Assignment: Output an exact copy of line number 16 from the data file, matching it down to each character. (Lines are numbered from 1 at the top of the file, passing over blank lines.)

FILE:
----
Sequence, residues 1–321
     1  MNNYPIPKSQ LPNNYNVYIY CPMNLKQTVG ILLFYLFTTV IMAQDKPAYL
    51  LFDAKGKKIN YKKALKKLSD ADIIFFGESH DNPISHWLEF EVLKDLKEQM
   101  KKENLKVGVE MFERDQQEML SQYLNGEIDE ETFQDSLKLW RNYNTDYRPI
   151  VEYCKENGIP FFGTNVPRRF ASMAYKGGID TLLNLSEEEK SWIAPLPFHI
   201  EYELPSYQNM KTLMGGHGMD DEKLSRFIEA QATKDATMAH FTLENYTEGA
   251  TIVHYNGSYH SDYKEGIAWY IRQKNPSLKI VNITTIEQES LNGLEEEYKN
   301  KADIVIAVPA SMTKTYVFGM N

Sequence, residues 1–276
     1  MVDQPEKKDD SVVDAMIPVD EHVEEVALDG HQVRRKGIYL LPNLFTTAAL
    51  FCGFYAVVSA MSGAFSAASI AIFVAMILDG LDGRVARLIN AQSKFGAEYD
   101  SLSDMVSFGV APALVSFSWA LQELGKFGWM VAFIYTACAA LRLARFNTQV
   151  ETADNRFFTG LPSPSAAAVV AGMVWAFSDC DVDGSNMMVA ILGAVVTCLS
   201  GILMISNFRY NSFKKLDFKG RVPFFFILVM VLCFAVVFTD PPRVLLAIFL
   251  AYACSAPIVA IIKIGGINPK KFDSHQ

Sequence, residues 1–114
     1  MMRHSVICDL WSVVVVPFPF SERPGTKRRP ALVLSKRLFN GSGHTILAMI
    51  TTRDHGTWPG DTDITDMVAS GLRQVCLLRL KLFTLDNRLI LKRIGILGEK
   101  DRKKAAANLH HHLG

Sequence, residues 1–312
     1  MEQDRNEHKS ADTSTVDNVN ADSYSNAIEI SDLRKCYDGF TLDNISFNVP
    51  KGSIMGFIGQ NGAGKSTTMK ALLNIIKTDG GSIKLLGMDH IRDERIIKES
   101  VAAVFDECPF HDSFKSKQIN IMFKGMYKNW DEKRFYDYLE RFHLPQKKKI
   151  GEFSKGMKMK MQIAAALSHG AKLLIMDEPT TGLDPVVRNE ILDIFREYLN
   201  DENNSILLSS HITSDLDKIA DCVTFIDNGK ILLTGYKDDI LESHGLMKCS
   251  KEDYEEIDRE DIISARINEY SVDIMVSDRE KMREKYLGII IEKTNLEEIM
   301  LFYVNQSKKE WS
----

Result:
Sequence, residues 1–114